HMRC’s, Jim Stevenson, assistant director, local compliance, said:
“ADR will help SMEs resolve disputes without having to go to a tribunal – saving them both time and money. It is a good opportunity for HMRC to work together with our customers to potentially resolve disputes much earlier than at present.
“The facilitators are HMRC members of staff who have been trained in ADR techniques and have not been involved in the dispute.
“We have found that often there are communication problems. So the HMRC facilitator will help all parties reach a shared and full understanding of the disputed facts and arguments. They will also ensure there is good communication, and help explain what each side is trying to say to the other. The aim is to resolve the dispute or, if not, as many issues as possible.”
ADR does not affect existing processes or review and appeal rights, and covers both VAT and direct taxes.
The Chartered Institute of Taxation (CIOT) has welcomed the announcement by HM Revenue and Customs (HMRC) that they will be trialling a new way of resolving disputes between small businesses and the taxman over the next six months.
Andrew Gotch, chairman of the CIOT’s Owner Managed Business Sub-Committee, said:
“This is a welcome move. ADR has the potential to be a valuable Gordian knot-cutter in investigations and technical disputes that have run into the sand. Anything which can help resolve disputes between HMRC and taxpayers to mutual satisfaction without the need to resort to expensive and time-consuming litigation has to be good news for all sides.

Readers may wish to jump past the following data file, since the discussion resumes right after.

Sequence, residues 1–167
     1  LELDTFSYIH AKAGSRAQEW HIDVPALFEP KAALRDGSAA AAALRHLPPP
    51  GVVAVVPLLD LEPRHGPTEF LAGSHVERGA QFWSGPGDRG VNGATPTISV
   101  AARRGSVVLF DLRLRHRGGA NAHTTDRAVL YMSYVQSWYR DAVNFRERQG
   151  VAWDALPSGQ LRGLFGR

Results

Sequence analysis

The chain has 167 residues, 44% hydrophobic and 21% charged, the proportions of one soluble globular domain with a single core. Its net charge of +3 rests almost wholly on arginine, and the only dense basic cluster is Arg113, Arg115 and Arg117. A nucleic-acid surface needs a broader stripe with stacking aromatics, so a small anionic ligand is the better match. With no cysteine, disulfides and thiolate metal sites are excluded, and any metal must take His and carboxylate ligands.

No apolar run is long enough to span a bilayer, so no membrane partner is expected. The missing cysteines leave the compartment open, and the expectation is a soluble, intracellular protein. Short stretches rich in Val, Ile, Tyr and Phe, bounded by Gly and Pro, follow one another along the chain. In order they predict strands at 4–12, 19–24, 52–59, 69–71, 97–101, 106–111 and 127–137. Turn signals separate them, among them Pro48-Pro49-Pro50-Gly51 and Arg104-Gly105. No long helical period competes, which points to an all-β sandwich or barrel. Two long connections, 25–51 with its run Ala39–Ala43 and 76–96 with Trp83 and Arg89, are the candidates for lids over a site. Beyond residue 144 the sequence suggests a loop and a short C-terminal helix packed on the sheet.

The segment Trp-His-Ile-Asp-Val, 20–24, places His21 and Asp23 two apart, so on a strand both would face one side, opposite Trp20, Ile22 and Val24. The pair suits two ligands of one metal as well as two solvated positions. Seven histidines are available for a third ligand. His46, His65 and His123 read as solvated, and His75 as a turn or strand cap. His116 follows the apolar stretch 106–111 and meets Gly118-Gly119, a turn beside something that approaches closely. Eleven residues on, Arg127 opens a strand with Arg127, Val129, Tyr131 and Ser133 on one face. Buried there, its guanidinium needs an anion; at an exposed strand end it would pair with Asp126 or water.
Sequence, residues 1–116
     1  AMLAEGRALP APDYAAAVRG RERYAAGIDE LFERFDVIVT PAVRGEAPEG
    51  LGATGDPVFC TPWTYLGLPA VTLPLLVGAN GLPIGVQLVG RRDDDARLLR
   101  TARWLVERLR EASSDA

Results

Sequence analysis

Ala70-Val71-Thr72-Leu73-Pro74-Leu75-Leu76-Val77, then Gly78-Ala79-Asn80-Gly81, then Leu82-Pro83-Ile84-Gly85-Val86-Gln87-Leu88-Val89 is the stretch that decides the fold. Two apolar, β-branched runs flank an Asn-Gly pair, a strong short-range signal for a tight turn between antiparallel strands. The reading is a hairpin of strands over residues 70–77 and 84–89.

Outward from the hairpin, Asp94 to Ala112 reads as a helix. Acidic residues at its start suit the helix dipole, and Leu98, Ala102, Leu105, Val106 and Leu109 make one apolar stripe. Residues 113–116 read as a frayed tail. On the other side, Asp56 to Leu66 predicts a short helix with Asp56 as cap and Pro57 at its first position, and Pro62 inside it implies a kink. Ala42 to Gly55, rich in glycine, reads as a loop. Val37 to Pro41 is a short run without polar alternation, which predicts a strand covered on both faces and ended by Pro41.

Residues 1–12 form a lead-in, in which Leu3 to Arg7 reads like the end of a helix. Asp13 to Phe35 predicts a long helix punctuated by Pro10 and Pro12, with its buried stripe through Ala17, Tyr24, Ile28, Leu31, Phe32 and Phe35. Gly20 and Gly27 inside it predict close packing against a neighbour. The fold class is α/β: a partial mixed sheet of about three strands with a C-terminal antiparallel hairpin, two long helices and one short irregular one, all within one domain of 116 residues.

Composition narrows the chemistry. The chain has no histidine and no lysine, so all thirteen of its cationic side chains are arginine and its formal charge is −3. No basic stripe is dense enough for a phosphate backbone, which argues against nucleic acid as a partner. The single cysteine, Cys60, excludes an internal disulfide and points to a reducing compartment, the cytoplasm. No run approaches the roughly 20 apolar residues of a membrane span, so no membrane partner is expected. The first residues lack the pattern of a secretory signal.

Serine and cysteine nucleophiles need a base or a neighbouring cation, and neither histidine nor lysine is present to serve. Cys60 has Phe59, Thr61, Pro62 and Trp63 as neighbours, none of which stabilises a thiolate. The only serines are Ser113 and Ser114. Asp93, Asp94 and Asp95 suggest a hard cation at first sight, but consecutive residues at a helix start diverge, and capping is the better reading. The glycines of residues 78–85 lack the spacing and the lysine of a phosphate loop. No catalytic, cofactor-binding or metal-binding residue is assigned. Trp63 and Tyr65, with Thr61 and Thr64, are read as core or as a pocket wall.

“There has already been a small-scale pilot of this new technique, using a few hand-picked cases which had already reached the stage of an appeal against a decision. Under this new trial, cases will be accepted at an earlier stage, where no appeal has yet been made, which is sensible. Additionally, taxpayers and their advisers will also be able to put cases forward for ADR, whereas in the first pilot HMRC did the selecting in most cases.
“It is very important that HMRC are able to gather reliable data from this next stage in the ADR pilot, so that an informed decision can be made as to whether the facility should be extended nationally. So, even though at this stage only those in some parts of the country will be able to participate, I would encourage all small businesses and their tax advisers who can take advantage of the facility to consider using it in situations where there are intractable disagreements with HMRC. This is an entirely voluntary process, from which neither side can possibly emerge worse off. In fact, evidence from the earlier phase of the pilot suggests that participants usually emerge far better off either in terms of getting a solution or understanding each others’ positions better, thus saving stress, time and costs all round”.
From 1 April 2012, all VAT-registered businesses must send their VAT returns online and pay their VAT electronically. Currently, only newly-registered businesses, and those with turnovers of more than £100,000, have to file and pay their VAT online.
The new rules will cover VAT returns filed for accounting periods beginning on or after 1 April 2012.
To file your VAT return online, you’ll need to register for HMRC’s VAT Online Service – visit www.online.hmrc.gov.uk and click “Register” under the “New user” section. Then follow the instructions.
Affected businesses will also need to set up their preferred electronic payment method. Visit www.hmrc.gov.uk/payinghmrc/vat.htm for more information on the various options.